2. I am trying to use a linker script with MPLAB-X for my PIC32 project but for some reason the script is not being passed to the linker at all. I expected that all I had to do was add the .ld file to my project, typically by placing it in the "Linker Files" virtual folder in MPLAB-X in my project. I did this and the linker script is being ignored by the linker. This is one of those $100 questions (if you know the story of the mechanic asking $100 for knowing where to hit ...). So my question is how do I get MPLAB-X to use my linker script which I have added to the PIC32 project?
  3. One feature of MPLAB-X which is not nearly used enough is the Simulator. It is actually very powerful and useful for testing and debugging code which will run on your board and interact with the outside world via external stimuli. There is more information on the developer help site here http://microchipdeveloper.com/mplabx:scl This is how you can use the IDE to debug your serial command line interface code using stimulus files and the UART OUTPUT window. The first trick is to enable the UART output window in the IDE. We are going to start by creating a new project using MCC which drives the UART on the PIC16F18875. Settings should look as follows: Then go on the project settings and enable the UART output window in the simulator We can now update our main code to do something simple to test the UART output. #include "mcc_generated_files/mcc.h" uint8_t buffer[64]; void main(void) { // initialize the device SYSTEM_Initialize(); INTERRUPT_GlobalInterruptEnable(); INTERRUPT_PeripheralInterruptEnable(); printf("Hello World\r\n"); If you run this code in the simulator it will open an additional output window which will show the output from the UART as follows Now the next trick is to use a stimulus file to send your test data into the device via the UART to allow you to test your serial processing code. First we will make a test file, there is more information on the format of these files on the developer help site, but it is fairly easy to understand just by looking at the example. // Start off by sending 0x00 00 // First string, send the bytes H E L L O (no \0 will be sent) "HELLO" // Wait for 100 ms before sending the next bit wait 100 ms // Second string " WORLD" // Wait for 100 ms before sending the next bit wait 100 ms // Send an entirely binary packet 90 03 00 14 55 12 We now simply save this text file so that we can import it into the stimulus system. We will just call it data.txt for now. Next we have to set up the IDE to send the data in this file. We are going to start by opening the Stimulus editor, this is under the menu "Window | Simulator | Stimulus" in MPLAB-X. Navigate to the tab labeled "Register Injection" and do the following steps: To add the file we will enter a new row here. Just type in the empty boxes (or you can use the icons on the left to add a new row) Provide any label (we are using TEST) Select the UART1 Receive Register under Reg/Var - it is called RC1REG Choose "Message" for the trigger Click on the filename block to select the file we made above Set "Wrap" to no - this means it will not repeat Format should show Pkt and be raed-only The stimulus is now set up and ready for a test drive. As a test we are just going to update the program to echo back what it receives and we will be able to see the output in the Simulator Output window as the stimulus is being sent in. Here is the test code: #include <stdint.h> #include "mcc_generated_files/mcc.h" void main(void) { // initialize the device SYSTEM_Initialize(); INTERRUPT_GlobalInterruptEnable(); INTERRUPT_PeripheralInterruptEnable(); printf("Hello World\r\n"); while (1) { EUSART_Write(EUSART_Read()); } } If you now run the simulator the UART output will just show "Hello World" as the start message. When you hit the green run button on the stimulus it will send the data in the file to the program. Hitting the run button a second time will remove the stimulus and if you hit it one more time it will apply the stimulus a second time. That is a very basic introduction of how to use a stimulus which feeds data from a text file into the UART for testing purposes. It is a small step from here to feed data into a variable or into a different peripheral, we will not go into that right here, but know that it is easy to also do this. When you combine this feature with running MDB from the command line and using a test framework such as Unity http://www.throwtheswitch.org/unity/ you should have all the tools to create automated tests for your serial port code. As always the project with the code we used is attached. SimulatorUART.zip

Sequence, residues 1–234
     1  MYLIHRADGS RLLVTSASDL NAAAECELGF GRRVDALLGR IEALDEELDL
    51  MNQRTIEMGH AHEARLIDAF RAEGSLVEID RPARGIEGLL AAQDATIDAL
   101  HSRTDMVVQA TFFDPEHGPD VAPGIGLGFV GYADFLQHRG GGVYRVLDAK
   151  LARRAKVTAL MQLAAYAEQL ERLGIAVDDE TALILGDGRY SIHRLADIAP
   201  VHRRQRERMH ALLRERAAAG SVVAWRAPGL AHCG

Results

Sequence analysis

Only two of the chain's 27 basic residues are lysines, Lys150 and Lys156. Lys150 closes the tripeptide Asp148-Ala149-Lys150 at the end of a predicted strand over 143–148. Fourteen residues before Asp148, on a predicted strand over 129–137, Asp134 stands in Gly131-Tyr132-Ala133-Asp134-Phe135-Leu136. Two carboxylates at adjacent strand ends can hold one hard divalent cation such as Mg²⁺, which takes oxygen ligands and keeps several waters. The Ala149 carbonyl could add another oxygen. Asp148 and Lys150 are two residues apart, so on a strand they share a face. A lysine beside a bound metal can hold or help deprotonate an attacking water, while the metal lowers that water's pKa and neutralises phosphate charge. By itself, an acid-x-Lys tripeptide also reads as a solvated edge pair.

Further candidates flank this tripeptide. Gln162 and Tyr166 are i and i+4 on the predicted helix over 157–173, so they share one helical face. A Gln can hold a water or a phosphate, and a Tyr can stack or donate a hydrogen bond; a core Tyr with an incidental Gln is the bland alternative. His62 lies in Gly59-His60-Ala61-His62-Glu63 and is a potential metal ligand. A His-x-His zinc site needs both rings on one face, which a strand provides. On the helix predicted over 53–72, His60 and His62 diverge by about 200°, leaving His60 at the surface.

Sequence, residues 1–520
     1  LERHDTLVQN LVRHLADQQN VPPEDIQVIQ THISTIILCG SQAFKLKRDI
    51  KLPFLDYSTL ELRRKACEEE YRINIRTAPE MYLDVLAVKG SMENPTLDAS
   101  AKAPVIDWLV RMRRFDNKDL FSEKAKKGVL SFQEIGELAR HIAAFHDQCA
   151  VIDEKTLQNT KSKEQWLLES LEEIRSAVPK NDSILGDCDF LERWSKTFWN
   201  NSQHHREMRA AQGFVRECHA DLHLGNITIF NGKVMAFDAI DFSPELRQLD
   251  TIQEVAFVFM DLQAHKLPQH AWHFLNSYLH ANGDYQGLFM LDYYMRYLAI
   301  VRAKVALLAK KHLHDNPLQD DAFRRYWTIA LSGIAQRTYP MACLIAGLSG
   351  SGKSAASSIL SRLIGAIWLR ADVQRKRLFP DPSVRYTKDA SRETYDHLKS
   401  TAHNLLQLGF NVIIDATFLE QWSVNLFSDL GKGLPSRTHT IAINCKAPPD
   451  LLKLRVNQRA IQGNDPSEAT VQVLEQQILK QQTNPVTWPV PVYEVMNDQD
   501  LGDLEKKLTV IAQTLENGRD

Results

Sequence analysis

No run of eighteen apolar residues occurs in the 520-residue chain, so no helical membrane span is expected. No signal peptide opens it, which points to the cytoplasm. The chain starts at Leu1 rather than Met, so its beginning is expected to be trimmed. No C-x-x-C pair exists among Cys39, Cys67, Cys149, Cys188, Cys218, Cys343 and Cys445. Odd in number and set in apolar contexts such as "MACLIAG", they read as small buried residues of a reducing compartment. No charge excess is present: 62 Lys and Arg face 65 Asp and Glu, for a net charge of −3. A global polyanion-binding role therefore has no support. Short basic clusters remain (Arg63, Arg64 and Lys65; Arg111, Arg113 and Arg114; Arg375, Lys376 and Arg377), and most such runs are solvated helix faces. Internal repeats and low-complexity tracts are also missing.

×
×
  • Create New...